Whenever we are in the woods we are part of a story that is unfolding all around us; heated territorial disputes between songbirds, crows preparing to mob a lone raptor or nervous squirrels tracking an early morning fox as it stalks the woodland floor. This is the language of the woods and the knowledge of only a few phrases will ensure a successful woodland stalk for the hunter.
One of the most easily recognisable forms of animal communication is the distress call. For those seeking to close the distance on wildlife for sustenance, photography or sheer joy, the alarm signal is a crucial indicator of how disturbed the area is, what wildlife may be about and how long the area could take to settle. All of these initial alarms share similar characteristics that make them distinct from the sounds used in social or territorial communication and once you have learned to recognise them, you will probably start hearing them everywhere. They are often brash, high pitched and are normally delivered in short, aggressive and unstructured bursts.One of the most reassuring sounds for woodland creatures is the soft cooing of roosting wood pigeon.
The following sounds are some of the most common alarm calls to be heard in broadleaf British woodland and within many northern, temperate forests during woodland stalking.
The Grey Squirrel : The Kuk
“Look out! A predator is near!”
The kuk is a short, bark like call normally delivered staccato fashion in rapid groups and serves as a general alarm with two distinct purposes; firstly, to alert other squirrels that there is a dangerous predator nearby and secondly to let that predator know it has been spotted and that it is wasting its energy through continued pursuit. For the hunter, it means that you have been detected. However, provided that you sit silent and still, they will normally resume their activity in anything from two to twenty minutes.
The Grey Squirrel : The Quaa
“I can still see the predator but it looks like it is leaving.”
The quaa is essentially a longer kuk with the sound sitting somewhere in between a wet kiss and a disgruntled meow. For the hunter the quaa means that whatever you are doing (or not doing) is working and that you will soon be trying to keep your sights steady on the kill zone.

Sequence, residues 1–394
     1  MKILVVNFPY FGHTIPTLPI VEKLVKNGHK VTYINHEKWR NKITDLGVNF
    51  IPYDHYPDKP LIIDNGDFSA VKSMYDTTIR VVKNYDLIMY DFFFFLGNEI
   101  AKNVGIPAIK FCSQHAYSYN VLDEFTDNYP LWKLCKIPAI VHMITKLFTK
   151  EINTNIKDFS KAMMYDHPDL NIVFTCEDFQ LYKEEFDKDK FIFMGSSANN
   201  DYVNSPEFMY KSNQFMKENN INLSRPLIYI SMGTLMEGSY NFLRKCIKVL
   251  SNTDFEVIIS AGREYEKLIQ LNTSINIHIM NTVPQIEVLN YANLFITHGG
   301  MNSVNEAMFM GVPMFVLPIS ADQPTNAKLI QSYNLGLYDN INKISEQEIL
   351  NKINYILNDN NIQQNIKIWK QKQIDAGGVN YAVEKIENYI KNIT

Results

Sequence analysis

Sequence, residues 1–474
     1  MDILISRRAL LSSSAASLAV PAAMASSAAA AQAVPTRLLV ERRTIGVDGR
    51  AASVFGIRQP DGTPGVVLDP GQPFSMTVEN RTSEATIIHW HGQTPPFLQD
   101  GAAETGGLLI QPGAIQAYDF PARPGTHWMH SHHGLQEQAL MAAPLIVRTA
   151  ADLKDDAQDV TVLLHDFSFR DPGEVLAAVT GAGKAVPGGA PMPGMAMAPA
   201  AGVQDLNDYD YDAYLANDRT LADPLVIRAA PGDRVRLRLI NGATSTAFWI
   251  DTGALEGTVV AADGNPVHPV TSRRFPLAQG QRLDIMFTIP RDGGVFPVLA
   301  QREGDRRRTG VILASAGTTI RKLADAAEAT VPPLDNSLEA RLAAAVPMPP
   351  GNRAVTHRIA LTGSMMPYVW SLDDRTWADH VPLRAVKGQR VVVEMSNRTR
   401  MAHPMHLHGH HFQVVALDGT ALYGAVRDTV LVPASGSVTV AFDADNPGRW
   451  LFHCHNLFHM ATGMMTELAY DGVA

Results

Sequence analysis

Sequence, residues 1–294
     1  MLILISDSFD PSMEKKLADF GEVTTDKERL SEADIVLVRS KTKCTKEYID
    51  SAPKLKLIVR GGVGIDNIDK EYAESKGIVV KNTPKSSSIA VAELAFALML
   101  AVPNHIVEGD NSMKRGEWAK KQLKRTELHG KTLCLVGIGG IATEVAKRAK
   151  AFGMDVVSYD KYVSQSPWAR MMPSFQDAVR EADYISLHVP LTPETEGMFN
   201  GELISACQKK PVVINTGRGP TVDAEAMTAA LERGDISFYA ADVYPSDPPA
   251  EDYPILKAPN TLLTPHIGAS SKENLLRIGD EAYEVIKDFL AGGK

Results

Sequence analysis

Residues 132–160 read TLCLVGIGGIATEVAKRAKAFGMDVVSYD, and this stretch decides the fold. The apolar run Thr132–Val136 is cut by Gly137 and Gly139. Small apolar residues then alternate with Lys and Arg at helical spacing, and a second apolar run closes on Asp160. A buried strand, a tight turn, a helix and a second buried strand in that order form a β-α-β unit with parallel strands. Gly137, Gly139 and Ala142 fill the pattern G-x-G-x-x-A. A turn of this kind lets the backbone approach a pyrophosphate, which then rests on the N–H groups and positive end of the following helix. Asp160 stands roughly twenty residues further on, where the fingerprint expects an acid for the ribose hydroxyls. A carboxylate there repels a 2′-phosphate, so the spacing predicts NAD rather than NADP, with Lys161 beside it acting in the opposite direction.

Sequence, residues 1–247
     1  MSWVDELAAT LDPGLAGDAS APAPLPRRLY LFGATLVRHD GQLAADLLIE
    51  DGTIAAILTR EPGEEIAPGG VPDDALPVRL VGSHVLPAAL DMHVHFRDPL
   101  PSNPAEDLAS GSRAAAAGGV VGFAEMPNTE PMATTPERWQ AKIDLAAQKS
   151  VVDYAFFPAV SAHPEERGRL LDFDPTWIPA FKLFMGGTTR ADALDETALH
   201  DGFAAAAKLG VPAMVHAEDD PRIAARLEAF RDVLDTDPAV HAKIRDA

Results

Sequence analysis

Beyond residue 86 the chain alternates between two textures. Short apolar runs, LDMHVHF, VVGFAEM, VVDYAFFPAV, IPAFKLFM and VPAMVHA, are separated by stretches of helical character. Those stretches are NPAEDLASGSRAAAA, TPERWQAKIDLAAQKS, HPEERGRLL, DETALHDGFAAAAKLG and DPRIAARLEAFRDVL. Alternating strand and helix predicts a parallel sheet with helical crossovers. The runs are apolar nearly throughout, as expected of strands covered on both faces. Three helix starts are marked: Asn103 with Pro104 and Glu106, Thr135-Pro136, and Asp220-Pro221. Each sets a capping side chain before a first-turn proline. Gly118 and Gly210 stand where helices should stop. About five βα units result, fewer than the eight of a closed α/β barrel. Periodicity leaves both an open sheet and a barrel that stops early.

The Grey Squirrel : The Moan
“I think the predator has gone but I am being loud to let it know that I have seen it and that I am not coming down.”
Unlike the kuk and the quaa this call has a less intense, mournful quality. It is often used alone in response to aerial threats but has also been shown to signal a further reduction in the alert level. For the impatient hunter, this is generally a good sound and unless there is a raptor overhead, it means that the area will very soon be returning to normal activity.
Cock pheasants are noisy birds even when browsing but their startled crow and spluttering flight alarm (1) will make everything within earshot sit up and pay attention. If you move slowly and pause often then you can often pass them without registering as a threat. Well worth it, especially when stalking deer. The distinctive male territorial crowing call (2) (normally accompanied by the loud ruffling of feathers) is a good indicator that the bird is relaxed and that you’re not causing it much disturbance.
If you struggle to move through woodland without putting a cock pheasant on edge then you probably need to slow down. They are not easily spooked and are a good animal on which to hone your basic stalking skills.
If there was an award for the bird with the greatest sound to size ratio then the blackbird would definitely be a contender. Its attractive song belies an impressive vocal ability that is all too evident in the piercing volleys of razor edged chirps heard as it leads you away from its shrub level nest. They are breeding now so expect plenty of activity.
As the live and work well above the shrub layer, woodpeckers (both Green and Great Spotted) are less likely to be worried by your passage than songbirds. However, it is interesting to be aware of the alarm calls of both species as they can provide a window into how your progress is being viewed from above. Both deliver single, high pitched pips that increase in frequency with the proximity of the threat.
Sounds of calm
If you are quiet and well concealed then after about 20 minutes or less, you will begin to hear the trees and shrubs come back to life as squirrels and songbirds return to their daily routine. One of the most reassuring sounds for woodland creatures is the soft cooing of roosting wood pigeon. As many readers will know, these birds are easily disturbed and if they are off guard then the rest of the woods will be too.
Deep listening is one of human kind’s oldest skills and it is well worth re-discovery. In the city, tuning in to anything other than your headphones is a burden but in the woods it’s a window to a new sensory world. Good luck out there. Charlie.